Julie Davids Reflects on CHAMP and the Future of HIV Prevention Justice
Interview With Veteran HIV Prevention and Social Justice Activist Julie Davids
In December 2010, TAGline caught up with the super energetic and visionary HIV activist Julie Davids, veteran of ACT UP/Philadelphia, HealthGAP, and a slew of more recent U.S. HIV prevention and social justice organizations such as CHAMP, Project UNSHACKLE, and the HIV Prevention Justice Alliance. In January 2011 Julie took over as national advocacy and mobilization director for the AIDS Foundation of Chicago. TAGline asked Julie to address the following questions:
Julie Davids: The Community HIV/AIDS Mobilization Project (CHAMP) has ended operations as of this writing, though is sustaining our two main networks (Project UNSHACKLE and the HIV Prevention Justice Alliance) through excellent allied organizations (NYCAHN/VOCAL and AIDS Foundation of Chicago, respectively).
Having had the privilege of founding the group in 2003, and working with it until its closure, my feelings about this transition are understandably complex -- but I appreciate the opportunity to reflect a bit on the past and speculate on the future in these pages.
But first, I wish to invite anyone who has had experiences with CHAMP and/or thoughts on the past decade of mobilization, organizing, and policy work on HIV/AIDS in the United States to join our online reflections on our work, the climate in which it occurred, and ideas for future directions. The discussion will be hosted by www.preventionjustice.org on an ongoing basis, and submissions can be made as letters, statements, comments on other posts, or links to online media.
In 2002, I began to engage in dialogue with other HIV/AIDS and social change activists as I sought to sketch out what became CHAMP. That fall I had the opportunity to craft some thoughts on domestic HIV/AIDS organizing in this newsletter ("The Way Forward: Philly ACT UPer and Health Gap Founder Tackles the Challenges of an Aging Activist Movement," TAGline, October 2002).
At that time I assumed that a regional or national HIV mobilization initiative focused on building a new generation of leadership while maintaining our community's history of strong advocacy would and should be focused on treatment. But as I moved forward in talking to others about these ideas, people started to confront me, asking, "What about HIV prevention?"
There was a sense of frustration that HIV prevention was, for the most part, outside the scope of much of the AIDS community's diverse organizing and policy change efforts while remaining underfunded and underresearched. Yet it was visibly in the crosshairs of conservative politicians in the seemingly endless days of the [George W.] Bush administration. And I was part of the problem for sure: I remember my broad ignorance on the subject, thinking, "HIV prevention? That doesn't really work, does it, outside of syringe exchange and PMTCT?"
But the more I learned, the more I felt compelled to jump in. I got schooled in the need for HIV prevention advocacy, which had tonot only build the power to resist attacks but integrate a broad range of social justice and equity issues; broaden the concept of HIV prevention beyond abstinence, condoms, and clean needles; and delve into challenging research questions that had never been adequately explored.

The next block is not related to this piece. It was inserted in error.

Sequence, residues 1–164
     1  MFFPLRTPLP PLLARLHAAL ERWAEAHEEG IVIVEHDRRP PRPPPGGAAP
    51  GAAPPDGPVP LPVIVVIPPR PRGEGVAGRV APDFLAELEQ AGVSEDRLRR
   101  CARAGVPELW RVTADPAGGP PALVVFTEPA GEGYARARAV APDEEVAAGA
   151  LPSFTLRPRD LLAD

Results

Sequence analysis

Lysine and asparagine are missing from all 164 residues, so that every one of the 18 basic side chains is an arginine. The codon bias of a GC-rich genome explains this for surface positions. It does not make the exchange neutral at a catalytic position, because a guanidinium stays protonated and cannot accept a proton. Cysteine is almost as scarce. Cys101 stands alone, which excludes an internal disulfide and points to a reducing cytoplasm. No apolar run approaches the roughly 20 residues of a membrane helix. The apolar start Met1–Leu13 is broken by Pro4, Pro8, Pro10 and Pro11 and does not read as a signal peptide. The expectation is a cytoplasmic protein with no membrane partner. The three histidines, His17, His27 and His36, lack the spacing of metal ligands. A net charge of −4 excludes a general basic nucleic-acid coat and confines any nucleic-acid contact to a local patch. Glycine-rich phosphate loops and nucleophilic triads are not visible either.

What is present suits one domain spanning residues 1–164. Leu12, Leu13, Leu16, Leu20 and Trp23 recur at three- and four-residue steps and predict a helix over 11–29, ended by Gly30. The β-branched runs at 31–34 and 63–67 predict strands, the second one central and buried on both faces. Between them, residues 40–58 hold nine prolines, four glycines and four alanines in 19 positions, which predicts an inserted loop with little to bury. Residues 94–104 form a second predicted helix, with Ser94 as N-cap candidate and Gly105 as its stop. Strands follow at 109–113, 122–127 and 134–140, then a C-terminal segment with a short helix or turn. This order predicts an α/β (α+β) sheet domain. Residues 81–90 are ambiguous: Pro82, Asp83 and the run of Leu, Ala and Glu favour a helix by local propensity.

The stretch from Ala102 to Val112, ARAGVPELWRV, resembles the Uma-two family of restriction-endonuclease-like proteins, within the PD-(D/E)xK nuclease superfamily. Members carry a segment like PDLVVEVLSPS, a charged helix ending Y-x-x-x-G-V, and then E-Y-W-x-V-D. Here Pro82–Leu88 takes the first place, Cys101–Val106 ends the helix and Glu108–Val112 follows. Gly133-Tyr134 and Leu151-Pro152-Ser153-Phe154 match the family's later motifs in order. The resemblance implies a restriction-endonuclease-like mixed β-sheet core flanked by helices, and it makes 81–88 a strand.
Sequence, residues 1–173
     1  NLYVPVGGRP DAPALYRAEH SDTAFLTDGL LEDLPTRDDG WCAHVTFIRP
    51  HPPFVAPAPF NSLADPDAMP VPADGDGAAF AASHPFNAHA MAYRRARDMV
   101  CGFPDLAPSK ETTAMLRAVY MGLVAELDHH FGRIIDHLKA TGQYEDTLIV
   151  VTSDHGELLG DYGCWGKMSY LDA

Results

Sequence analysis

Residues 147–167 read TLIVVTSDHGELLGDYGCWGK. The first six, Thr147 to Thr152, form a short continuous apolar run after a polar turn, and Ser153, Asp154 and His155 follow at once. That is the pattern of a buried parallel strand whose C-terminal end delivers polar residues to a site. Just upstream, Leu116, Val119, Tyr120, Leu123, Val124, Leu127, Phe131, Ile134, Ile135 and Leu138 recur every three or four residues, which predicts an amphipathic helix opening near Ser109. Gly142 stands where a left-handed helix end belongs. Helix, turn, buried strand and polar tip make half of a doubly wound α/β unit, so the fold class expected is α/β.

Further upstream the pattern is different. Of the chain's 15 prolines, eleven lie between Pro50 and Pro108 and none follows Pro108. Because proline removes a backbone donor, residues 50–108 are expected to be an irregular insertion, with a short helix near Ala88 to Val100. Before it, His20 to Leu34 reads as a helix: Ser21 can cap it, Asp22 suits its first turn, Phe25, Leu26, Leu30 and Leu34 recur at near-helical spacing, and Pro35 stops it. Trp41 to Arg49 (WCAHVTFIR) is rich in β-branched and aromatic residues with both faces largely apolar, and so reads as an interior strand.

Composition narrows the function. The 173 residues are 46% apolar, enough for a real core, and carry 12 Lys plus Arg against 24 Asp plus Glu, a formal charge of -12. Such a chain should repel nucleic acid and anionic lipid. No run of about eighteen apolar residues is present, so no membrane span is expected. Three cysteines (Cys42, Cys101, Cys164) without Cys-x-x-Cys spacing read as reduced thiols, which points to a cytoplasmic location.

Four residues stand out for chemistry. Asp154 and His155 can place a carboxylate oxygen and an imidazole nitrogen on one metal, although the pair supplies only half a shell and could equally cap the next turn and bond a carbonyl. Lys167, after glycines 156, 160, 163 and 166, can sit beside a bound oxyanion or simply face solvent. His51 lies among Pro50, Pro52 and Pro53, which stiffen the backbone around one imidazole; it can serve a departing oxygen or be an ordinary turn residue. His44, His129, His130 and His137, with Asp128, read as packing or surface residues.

Although we struggled with issues of capacity and sustainability, CHAMP had a noted impact on HIV prevention advocacy. Entering a realm with little public, strategic conversation and a wide gap between the small but growing body of prevention research and the underfunded, earnest prevention programs at the community level, we found ourselves bridging disciplines and sectors, becoming a trusted "content provider" feeding honest and strategic information to hardworking front-line prevention workers and policy leaders alike, and a leader in strategic campaigns and coalition efforts.
Over time we crafted a national network of 12,000 people -- many deeply involved in the fight against HIV/AIDS -- who were able to take quick action through online alerts, and who were invited to contribute to debate and dialogue at our events, conference calls, and trainings.
CHAMP began in 2003 by drawing community attention to the secretive process the Centers for Disease Control and Prevention (CDC) was using to revamp their prevention efforts under the "Advancing HIV Prevention" rubric, which was to have major implications, including the near fossilization of interventions into a set of mandated "boxed" interventions.
Now the broader federal government, with much leadership from the CDC, stands poised to reorient prevention approaches in a time of the National HIV/AIDS Strategy (NHAS). Last year was a very busy year that saw the release of the unprecedented NHAS as well as encouraging results of partial efficacy from microbicide and preexposure prophylaxis (PrEP) trials. But CHAMP, which grew out of those initial constructive confrontations from prevention advocates seeking a national movement, is shutting down.
This article was provided by Treatment Action Group. It is a part of the publication TAGline.
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